A modified Hard Time XL frame from The Cruiser Shop in Campbell, California with electronics by Grin Technologies and powder-coated finish to bring out the heat marks at weld points.

It was a hot summer afternoon in Pleasant Hill, California and I stood back, sweaty and irritated, debating whether the best path forward was to drive this two year project to the dump. The lead acid batteries, the entire two-person bike, all the custom mounts. Even the tools were cursed at that point. I didn’t care about heavy metals seeping into the soil or repurchasing new end wrenches, needle nose plies and sockets. The whole situation was an expensive, time-consuming disaster with no end in site. I never wanted to look at it again.

Reviews are critical to employee, manager and corporate health. A lack of regular feedback can create misunderstandings when it comes time for annual reviews, it can lead to compensation or promotion shocks and a lack of strategic delivery on products. I’ve been hiring lots of people lately and explaining my review process verbally, which means it’s time to write it down and circulate instead. Maybe it’ll be useful to others too.

I’ve been managing people for going on 15 years. When I ran my private investigation agency, I focused on bringing money in the door, finding the best contractors and…


“When you were in the studio doing Loaded, what were you doing?”

“I have no idea.”

Andrew Weatherall wasn’t lying when he described the process of remixing his first song. One of the band members from Primal Scream liked the records he played at a nightclub and asked if he’d remix it for 500 pounds. Weatherall had never been in a recording studio before.

“I wanted to tear it apart, but I didn’t want to upset anyone,” Weatherall said. “I was new to this game… His words were ‘just fucking destroy it man.’

Hosting a panel has always been a professional goal of mine. The back-and-forth exchange frees experts up for more conversational chatter, the watercooler stuff that never makes it into a rehearsed talk with a slidedeck. So when my VP asked to come up with security metrics at CircleCI, that meant asking people in my network questions and… bang! There was my first panel.

Trouble was, it had to be virtual and I’d never seen one. To be clear, I didn’t do this solo. Everything turned out great thanks to a bunch of conversations with people who’d held them in the…

This is part one of a four-part series about measuring security at a startup. The others include: Measuring Capacity in Security, Security Frameworks Explained and Assessed For a Startup, and How We Measure Security at CircleCI.

“I need metrics to report up the chain,” my VP said. “Security is notoriously hard to measure. We still need to do it.”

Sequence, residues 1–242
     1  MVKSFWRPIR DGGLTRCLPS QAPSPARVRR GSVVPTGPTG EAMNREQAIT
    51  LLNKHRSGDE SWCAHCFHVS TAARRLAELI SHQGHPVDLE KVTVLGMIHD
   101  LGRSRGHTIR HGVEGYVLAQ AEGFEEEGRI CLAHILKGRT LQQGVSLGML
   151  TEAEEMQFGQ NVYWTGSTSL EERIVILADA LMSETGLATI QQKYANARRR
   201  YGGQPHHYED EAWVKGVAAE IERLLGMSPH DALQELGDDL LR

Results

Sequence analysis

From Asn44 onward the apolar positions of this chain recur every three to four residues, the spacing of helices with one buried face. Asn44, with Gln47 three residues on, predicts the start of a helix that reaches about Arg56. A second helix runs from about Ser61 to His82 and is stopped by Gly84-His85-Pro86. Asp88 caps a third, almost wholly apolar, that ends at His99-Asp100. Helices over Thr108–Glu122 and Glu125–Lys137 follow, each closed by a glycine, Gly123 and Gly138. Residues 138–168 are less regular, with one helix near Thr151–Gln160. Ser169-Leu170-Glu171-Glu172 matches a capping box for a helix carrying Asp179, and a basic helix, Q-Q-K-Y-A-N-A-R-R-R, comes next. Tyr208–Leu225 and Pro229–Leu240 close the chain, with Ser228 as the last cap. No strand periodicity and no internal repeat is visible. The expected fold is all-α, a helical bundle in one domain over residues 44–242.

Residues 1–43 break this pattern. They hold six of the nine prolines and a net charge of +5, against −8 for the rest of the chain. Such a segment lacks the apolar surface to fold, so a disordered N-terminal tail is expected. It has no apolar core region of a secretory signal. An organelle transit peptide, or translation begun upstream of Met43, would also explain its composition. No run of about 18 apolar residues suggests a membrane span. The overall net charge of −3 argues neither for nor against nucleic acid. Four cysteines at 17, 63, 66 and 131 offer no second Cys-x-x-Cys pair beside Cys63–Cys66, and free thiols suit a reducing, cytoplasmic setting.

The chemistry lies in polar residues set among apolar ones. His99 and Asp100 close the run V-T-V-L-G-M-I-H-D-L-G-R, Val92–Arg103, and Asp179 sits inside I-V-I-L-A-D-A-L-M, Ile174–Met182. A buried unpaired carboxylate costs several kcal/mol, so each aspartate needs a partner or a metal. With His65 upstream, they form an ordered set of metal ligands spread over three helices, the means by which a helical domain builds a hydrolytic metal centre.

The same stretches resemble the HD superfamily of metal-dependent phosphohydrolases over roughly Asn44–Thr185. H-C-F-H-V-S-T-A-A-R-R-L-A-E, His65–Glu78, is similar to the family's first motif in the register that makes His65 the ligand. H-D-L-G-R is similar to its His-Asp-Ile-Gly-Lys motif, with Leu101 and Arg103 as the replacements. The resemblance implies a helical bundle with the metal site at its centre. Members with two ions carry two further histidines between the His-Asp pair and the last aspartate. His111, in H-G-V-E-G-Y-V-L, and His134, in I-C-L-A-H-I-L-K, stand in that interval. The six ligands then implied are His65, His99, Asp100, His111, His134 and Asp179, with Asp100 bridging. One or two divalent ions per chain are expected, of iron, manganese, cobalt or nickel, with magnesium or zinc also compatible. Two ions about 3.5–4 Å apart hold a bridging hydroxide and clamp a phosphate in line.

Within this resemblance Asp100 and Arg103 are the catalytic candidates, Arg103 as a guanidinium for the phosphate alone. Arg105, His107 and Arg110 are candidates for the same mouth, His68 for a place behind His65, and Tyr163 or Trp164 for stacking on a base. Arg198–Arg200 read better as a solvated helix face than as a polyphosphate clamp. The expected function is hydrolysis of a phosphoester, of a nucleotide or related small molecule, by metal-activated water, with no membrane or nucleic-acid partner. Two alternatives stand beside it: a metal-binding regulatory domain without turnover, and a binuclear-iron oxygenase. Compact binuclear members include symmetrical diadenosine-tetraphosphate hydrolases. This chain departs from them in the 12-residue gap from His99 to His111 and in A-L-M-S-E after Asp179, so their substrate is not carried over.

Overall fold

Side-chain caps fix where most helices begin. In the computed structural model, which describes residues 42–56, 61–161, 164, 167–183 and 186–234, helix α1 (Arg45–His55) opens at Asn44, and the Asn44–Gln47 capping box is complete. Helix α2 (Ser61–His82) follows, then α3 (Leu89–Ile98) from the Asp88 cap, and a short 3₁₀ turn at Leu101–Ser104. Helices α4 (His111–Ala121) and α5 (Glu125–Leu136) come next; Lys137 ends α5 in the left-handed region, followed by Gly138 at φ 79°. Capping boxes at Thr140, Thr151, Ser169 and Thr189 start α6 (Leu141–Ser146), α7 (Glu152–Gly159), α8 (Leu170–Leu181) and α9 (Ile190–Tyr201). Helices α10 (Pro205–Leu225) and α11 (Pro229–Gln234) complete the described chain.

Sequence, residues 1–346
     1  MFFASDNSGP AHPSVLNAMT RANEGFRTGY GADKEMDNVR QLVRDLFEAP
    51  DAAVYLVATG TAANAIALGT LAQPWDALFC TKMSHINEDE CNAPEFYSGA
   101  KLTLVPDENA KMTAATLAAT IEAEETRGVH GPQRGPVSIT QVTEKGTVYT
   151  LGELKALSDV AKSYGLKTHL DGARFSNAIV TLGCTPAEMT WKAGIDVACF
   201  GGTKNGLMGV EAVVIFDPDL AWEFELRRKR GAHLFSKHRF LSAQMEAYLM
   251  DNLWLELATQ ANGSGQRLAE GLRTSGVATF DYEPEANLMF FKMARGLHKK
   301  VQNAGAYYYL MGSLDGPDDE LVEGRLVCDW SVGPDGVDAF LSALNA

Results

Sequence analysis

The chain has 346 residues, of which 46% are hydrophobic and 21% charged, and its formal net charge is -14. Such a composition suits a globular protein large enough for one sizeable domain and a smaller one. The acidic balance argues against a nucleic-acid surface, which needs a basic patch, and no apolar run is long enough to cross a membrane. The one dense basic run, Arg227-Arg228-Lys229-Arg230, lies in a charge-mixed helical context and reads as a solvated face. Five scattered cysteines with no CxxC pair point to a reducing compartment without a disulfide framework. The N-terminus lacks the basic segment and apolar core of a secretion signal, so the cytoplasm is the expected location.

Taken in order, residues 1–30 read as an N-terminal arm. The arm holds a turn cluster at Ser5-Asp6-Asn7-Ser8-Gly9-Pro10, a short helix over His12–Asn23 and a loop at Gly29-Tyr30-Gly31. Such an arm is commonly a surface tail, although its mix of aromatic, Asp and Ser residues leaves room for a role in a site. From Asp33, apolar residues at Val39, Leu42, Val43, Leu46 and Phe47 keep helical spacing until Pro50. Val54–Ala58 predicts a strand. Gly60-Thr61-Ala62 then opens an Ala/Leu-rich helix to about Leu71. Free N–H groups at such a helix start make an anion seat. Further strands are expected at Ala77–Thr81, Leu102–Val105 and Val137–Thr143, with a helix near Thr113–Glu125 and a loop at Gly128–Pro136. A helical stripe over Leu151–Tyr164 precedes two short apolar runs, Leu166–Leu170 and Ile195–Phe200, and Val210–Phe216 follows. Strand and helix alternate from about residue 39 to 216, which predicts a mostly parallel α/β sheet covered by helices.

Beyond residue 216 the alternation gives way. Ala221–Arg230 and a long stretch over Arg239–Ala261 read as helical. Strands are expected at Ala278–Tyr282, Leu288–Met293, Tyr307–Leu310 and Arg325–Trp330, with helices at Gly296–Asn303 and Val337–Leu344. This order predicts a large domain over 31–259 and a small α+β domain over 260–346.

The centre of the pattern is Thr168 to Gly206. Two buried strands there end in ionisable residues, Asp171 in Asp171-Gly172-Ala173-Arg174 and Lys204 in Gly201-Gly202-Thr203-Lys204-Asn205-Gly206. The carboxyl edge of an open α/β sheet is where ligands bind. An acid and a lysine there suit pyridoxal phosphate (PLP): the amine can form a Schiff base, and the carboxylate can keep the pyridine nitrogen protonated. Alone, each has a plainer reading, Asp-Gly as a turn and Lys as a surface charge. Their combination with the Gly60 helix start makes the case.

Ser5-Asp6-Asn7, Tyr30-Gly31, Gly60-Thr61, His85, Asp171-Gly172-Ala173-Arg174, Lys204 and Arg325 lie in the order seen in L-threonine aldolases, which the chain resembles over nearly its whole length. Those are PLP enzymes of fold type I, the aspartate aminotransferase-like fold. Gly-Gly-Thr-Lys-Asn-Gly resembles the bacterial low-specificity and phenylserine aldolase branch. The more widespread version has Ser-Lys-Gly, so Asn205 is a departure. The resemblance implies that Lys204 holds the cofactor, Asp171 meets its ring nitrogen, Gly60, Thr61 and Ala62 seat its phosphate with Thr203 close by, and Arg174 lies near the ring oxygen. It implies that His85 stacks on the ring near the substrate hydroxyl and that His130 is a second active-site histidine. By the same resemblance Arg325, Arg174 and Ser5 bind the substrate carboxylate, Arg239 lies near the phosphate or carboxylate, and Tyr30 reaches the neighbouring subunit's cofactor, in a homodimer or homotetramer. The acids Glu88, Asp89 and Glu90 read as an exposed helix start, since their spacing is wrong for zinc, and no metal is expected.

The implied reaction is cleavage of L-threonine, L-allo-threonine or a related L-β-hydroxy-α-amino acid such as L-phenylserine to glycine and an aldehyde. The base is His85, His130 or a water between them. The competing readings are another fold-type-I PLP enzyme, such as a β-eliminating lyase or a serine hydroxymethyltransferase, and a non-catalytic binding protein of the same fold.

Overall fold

Our team was growing, spending more money and ingesting more people/services than anyone could plausibly keep an eye on. It was a reasonable request. I wanted better insight too.

During the first half of 2020, I tried to squeeze in google…

This is part of a series answering interview questions submitted to Glassdoor.com for security engineer jobs. All questions are available at my Github page. I’ve also started using them as a way to teach my son about computer science so we write some of these together. Did you find something incorrekt? Please let me know. Accuracy is imperative.

Way back when I started using the internet, I used Hotmail.com for email. I had to type my username and password to access the authenticated dashboard for viewing my email. However, if I used that same browser window (this was before tabs)…

A few months ago, I had a nebulous problem that affected multiple stakeholders on multiple teams. A hot potato causing problems for lots of people. Nothing burning, but definitely irritating. The VP who oversaw all of us said, “Write a problem statement and book a meeting.”

Great idea until I went looking for a template. We didn’t have one internally so I turned to Google, which produced lots of templates that all felt out of date. Gahk. Yak shaving. Guess I’d have to learn how to write a problem statement before I could start solving my own problem.

As a…

One of my favorite introductions to a new boss happened last year on his first day. He sent me a blog post that explained what he’s like to work with. Documentation? On a manager? This was off to a good start.

Working with me shouldn’t be a mystery so I put my own together. The process helped refine my values and that’s a good thing. It’s broken out into four main sections: What I’m Like, What It’s Like To Work For Me, What Influenced Me As A Leader and What I Value.

What I’m Like

  • I’m a dad, exercise a lot (with an…

When I was a middle schooler in Wyoming, hunting/fishing/ranching and all that had no appeal. My interests largely came through MTV when it still played music. That was my window into the world outside Wyoming, where I learned about people different from me and could pick/choose what appealed to me.

A song called 3 AM Eternal came out in 1991 with dance beats, gospel singers, World War II style radio dispatches, foggy European runways, lasers, a rapper who looked intellectual and a headbanging guitar player wearing a raincoat. I loved everything about it instantly, secretly and absolutely. No one told…

A lot’s already written about Principles by Ray Dalio and its even an App. So what do I have to add? An anecdotal feature about how it influenced me to shut down my own company (yes, you read that right), pivot 90 degrees into something tangential at the time and find what I’d been trying to build through a different avenue.

I first heard about Principles when Bridgewater Associates recruited a friend of mine working in investment banking.

“Not for me,” he said, or something similar. “It’s a weird place. The founder wrote a manuscript that every employee is required…

Tad Whitaker

Security, Builder, Dad

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